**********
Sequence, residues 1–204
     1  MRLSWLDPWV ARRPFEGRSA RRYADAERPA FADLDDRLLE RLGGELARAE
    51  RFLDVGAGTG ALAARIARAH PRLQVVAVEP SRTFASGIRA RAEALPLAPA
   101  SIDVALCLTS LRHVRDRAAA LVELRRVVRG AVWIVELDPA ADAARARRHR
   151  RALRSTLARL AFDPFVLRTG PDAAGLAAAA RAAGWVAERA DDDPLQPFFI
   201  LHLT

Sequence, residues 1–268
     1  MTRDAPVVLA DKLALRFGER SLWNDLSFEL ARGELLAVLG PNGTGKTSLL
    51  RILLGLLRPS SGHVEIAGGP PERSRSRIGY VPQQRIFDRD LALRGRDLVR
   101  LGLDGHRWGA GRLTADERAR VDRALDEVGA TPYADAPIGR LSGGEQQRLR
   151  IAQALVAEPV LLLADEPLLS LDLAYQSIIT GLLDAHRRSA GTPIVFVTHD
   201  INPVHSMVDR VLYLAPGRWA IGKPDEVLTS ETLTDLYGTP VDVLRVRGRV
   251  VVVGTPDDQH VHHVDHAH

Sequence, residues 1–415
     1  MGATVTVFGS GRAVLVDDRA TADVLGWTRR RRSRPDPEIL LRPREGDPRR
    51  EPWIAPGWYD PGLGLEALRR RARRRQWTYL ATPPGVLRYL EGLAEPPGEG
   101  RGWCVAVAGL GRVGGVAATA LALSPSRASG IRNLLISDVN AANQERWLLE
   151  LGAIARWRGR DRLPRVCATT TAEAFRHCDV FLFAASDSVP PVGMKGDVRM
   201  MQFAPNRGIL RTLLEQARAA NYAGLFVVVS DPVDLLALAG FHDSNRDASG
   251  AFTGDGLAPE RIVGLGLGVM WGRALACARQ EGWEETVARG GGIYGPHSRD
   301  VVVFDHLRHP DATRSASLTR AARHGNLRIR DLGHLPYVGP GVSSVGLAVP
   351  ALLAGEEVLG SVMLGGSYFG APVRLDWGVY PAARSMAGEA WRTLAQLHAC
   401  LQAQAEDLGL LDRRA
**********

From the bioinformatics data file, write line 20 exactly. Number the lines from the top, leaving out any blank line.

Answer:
   251  AFTGDGLAPE RIVGLGLGVM WGRALACARQ EGWEETVARG GGIYGPHSRD